Plugging into the future: How New Zealand is electrifying its roads

Publication date: February 2024

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Transitioning to electric vehicles is a vital element of New Zealand’s shift toward clean energy and our target to be net carbon zero by 2050.

Good public charging is crucial to EV ownership

The number of EVs on New Zealand roads has increased significantly in recent years and will continue to grow.

While EV owners generally do the majority of their charging at home, the public charging network is expanding to meet growing demand and will play a crucial role in the expansion of EV uptake.

The journey to electrifying our roads

Transport emissions account for around 17% of New Zealand’s total emissions, with 99% of our transport energy coming from fossil fuels.

New Zealand has one of the highest rates of car ownership in the world with 0.89 vehicles per capita and this number is increasing. This high level of private car ownership means that these vehicles account for nearly two thirds of New Zealand’s transport emissions. Every year, we drive a collective 49 billion kilometres, the equivalent of going round the planet 1.2 million times, or halfway to the sun.

Because of this scale, transitioning to an electric light vehicle fleet and initiatives to reduce the amount we travel by car will make a significant impact in our journey to reduce our carbon emissions. There are also substantial additional benefits including cleaner air, quieter roads and cheaper running costs for drivers. 

The rapid growth of EV ownership in New Zealand

The rate of EV ownership has been increasing exponentially over recent years, and in 2023 more than one in four (27.2%) cars purchased were either battery electric or plug in hybrid. This represents a ten-fold increase in just four years.  This early adoption and growth is crucial, as any new internal combustion engine (ICE) vehicle purchased today, will likely still be on our roads for years or even decades to come whilst continuing to emit CO2 throughout this duration.

The surge in EV adoption can be attributed to several factors, including the introduction government policy such as the Clean Car Standard, the improved affordability and range of EVs, and the expansion of EV makes and models.  

By the end of 2023, there were over 100,000 battery electric and plug-in hybrid cars registered on New Zealand roads, a 57% increase on 2022. Looking back five years, this represents a 790% increase since 2018. 

EV ownership is growing fastest in urban areas

The increase in EV ownership in New Zealand tends to be centred in urban areas and major cities. Wellington currently leads the way in EV adoption with more than two times the national average of EV ownership at (3.38%). Auckland is in second with around 2% of its light passenger vehicle fleet being comprised of EV.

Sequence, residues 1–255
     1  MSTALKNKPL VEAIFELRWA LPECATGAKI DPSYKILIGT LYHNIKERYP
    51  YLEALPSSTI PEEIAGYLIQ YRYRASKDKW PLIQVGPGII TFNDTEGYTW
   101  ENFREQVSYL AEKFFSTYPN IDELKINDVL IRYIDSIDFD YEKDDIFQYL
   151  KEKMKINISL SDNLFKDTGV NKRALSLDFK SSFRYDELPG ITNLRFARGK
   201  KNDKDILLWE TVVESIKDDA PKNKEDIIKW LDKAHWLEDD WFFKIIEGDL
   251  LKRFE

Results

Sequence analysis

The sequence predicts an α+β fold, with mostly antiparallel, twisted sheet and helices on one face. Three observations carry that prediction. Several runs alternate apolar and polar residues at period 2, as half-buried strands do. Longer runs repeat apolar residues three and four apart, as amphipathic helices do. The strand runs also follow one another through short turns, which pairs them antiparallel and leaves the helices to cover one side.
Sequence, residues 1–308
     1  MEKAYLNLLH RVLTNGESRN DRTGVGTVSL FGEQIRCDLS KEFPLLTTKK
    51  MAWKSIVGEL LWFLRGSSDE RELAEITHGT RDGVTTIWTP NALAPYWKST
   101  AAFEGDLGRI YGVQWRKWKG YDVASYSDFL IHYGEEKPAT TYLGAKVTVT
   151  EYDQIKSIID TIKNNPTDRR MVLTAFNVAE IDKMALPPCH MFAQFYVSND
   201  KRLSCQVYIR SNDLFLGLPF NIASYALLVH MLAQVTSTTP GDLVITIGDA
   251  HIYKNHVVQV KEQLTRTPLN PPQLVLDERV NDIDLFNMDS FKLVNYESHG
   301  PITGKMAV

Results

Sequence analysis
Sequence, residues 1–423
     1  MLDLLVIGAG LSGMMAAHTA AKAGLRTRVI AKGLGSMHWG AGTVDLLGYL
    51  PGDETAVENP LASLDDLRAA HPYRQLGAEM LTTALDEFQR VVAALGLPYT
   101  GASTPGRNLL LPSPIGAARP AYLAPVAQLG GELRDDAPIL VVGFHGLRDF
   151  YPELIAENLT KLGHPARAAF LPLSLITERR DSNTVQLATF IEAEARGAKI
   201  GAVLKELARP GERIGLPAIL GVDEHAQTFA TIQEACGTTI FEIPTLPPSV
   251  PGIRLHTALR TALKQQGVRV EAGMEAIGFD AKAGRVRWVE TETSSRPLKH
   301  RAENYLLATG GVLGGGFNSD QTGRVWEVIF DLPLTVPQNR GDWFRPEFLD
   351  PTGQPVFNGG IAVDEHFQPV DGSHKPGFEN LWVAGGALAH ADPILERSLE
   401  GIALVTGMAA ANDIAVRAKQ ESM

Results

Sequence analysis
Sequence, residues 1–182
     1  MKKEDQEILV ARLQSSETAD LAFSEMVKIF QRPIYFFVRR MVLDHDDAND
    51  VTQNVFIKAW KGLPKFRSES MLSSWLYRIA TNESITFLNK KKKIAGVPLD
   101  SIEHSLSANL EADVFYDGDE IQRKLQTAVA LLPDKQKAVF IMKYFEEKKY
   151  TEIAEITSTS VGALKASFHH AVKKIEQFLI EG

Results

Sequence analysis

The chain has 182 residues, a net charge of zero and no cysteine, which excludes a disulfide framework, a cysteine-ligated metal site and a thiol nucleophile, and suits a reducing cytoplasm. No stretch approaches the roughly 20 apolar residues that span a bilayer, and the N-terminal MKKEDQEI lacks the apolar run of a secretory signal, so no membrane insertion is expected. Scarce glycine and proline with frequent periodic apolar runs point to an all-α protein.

It is important to note that these numbers are influenced by government and corporate ownership of EVs, which may not accurately reflect the location where these vehicles are used.  

This map shows the percentage of EVs in the light vehicle fleet across New Zealand districts. (Data source: EECA, Ministry of Transport).

EV owners want more public charging facilities

A 2023 EECA survey of New Zealand EV owners found a strong desire for more public charging facilities.

  • 2 in 5

    think there aren’t enough public chargers on routes they travel.

  • 1 in 5

    have range anxiety – concerns about running out of charge before they reach their destination.

How many public EV chargers are there in New Zealand?

The number of public charging units or ‘chargers’ in New Zealand is growing. These public chargers tend to have multiple connectors, that can usually charge multiple EVs simultaneously. According to EECA data, as of February 2023, there are over 900 public chargers in the country, or around one charger for every 75 EVs.  

Two in three public chargers are fast chargers with capacities of greater than 25kW. At the fastest end of the spectrum, one in five chargers are either rapid (75-150kW) or ultra-rapid (175-475kW), which are predominantly used for journey charging.  

Public EV chargers have predominantly been installed in regions of higher population and EV ownership, such as New Zealand’s major cities of Auckland, Wellington and Christchurch. 

Public charging categories

  • Journey charging

    For recharging during long journeys.

    Chargers are usually located in places which are convenient for long-distance travel, such as state highways. Typical locations include at service stations or public rest areas. Charging ‘hubs’ have the capacity to charge multiple vehicles at once.

    These chargers range from rapid to ultra-rapid (50kW–475kW). Charging normally takes 15–45 minutes.

  • Destination charging

    For charging where the user may park for a number of hours.

    Chargers are located at destinations such as tourist attractions, shopping centres, gyms, cinemas.

    These chargers are useful for EV owners who do not have home charging (e.g. no off-street parking) and may need to complete most of their EV charging with these chargers.

    These chargers tend to be fast chargers and can recharge an EV in 1–2 hours.

  • Residential on-street charging

    Close-to-home charging for EV owners without off-street parking or the ability to charge at home.

    Charging stations are installed to serve vehicles parked on-street in residential areas.

    These chargers tend to be lower capacity, and can be used for charging over long periods, or overnight.